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Am J Psychiatry. 2001 Jan;158(1):58-67.

Specificity of panic response to CO(2) inhalation in panic disorder: a comparison with major depression and premenstrual dysphoric disorder.

Author information

  • 1Biological Studies Unit, New York State Psychiatric Institute, New York, NY 10032, USA. jmk14@columbia.edu

Abstract

OBJECTIVE:

The behavioral response to CO(2) inhalation has been used to differentiate panic disorder patients from normal subjects and other clinical populations. This study extended examination of the diagnostic specificity of CO(2)-induced anxiety by testing panic disorder patients and clinical populations with reported low and high sensitivity to CO(2) inhalation (patients with major depression and patients with premenstrual dysphoric disorder, respectively).

METHOD:

The behavioral responses to inhalation of 5% and 7% CO(2), administered by means of a respiratory canopy, were studied in 50 patients with panic disorder, 21 with major depression, and 10 with premenstrual dysphoric disorder and in 34 normal comparison subjects. Occurrence of panic attacks was judged with DSM-IV criteria by a blind rater. Subjects were rated on three behavioral scales at baseline and after each CO(2) inhalation.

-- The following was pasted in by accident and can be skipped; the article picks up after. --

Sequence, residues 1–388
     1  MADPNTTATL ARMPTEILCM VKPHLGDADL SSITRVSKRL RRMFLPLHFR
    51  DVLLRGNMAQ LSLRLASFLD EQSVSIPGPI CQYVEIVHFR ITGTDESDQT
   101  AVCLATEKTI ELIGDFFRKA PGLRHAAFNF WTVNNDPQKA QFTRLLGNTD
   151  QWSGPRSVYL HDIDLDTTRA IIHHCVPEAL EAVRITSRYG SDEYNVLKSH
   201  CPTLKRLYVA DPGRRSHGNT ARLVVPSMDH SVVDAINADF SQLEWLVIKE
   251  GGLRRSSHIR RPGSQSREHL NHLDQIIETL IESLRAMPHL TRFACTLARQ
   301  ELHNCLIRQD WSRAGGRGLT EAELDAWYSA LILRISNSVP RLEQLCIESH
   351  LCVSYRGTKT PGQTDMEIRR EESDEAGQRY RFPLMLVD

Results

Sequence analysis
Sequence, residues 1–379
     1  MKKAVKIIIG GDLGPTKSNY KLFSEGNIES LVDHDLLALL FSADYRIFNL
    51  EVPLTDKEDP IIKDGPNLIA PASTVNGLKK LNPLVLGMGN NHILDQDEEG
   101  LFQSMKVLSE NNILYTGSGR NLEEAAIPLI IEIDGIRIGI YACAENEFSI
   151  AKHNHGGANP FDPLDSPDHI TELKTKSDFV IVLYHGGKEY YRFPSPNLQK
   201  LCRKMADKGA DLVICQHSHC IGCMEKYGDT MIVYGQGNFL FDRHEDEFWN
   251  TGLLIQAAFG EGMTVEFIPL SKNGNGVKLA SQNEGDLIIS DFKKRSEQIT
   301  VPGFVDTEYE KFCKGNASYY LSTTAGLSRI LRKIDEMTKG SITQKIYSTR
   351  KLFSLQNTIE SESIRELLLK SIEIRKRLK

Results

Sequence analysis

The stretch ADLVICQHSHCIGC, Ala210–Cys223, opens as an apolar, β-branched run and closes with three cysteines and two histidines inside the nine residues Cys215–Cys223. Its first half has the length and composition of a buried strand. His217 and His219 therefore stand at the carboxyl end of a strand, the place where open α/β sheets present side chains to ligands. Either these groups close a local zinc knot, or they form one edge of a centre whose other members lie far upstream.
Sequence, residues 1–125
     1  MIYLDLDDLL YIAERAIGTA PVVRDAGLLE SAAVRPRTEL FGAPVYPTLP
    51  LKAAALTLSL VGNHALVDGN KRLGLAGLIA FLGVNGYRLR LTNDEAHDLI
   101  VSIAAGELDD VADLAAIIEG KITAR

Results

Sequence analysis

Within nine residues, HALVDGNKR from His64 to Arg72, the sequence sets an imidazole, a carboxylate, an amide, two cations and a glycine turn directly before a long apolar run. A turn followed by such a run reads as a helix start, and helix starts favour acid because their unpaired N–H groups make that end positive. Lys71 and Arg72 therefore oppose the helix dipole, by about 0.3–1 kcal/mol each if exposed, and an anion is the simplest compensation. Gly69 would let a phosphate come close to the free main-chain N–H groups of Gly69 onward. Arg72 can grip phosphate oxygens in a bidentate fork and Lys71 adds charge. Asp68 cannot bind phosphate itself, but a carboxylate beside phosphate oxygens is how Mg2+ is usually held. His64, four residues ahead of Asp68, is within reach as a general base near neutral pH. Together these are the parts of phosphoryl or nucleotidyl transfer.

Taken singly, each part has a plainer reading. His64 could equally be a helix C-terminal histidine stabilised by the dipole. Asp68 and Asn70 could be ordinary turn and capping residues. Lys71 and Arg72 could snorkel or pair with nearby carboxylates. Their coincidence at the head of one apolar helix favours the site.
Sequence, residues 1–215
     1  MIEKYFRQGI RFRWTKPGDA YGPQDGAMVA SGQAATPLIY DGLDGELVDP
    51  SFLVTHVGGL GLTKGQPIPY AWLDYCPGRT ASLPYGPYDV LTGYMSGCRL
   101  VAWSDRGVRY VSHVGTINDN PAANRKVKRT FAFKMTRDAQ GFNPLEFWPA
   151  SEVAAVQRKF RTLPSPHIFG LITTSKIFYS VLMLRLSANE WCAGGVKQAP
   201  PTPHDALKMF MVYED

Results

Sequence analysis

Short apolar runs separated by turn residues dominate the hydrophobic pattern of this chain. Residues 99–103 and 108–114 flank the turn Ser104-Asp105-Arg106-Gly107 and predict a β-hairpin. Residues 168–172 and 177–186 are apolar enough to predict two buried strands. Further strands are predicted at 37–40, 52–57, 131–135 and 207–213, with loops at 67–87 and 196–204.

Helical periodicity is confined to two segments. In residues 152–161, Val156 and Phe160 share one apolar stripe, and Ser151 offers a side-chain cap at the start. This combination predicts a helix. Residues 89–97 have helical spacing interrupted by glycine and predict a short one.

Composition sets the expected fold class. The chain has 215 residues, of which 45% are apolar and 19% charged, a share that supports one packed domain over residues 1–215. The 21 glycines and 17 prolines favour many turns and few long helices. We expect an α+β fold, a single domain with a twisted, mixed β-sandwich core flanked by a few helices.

RESULTS:

Panic disorder patients had a higher rate of CO(2)-induced panic attacks than depressed patients and normal subjects, whose panic rates were not distinguishable. The panic rate for patients with premenstrual dysphoric disorder was similar to that for panic disorder patients and higher than that for normal subjects. Subjects with CO(2)-induced panic attacks had similarly high ratings on the behavioral scales, regardless of diagnosis, including the small number of panicking normal subjects. Seven percent CO(2) was a more robust panicogen than 5%, and response to 7% CO(2 )better distinguished panic disorder patients from normal subjects than response to 5% CO(2).

CONCLUSIONS:

Patients with panic disorder and patients with premenstrual dysphoric disorder are highly susceptible to CO(2)-induced panic attacks, and depressed patients appear to be insensitive to CO(2) inhalation. The symptoms of CO(2)-induced panic attacks have a similar intensity regardless of the subject's diagnosis.

PMID:
11136634
[PubMed - indexed for MEDLINE]
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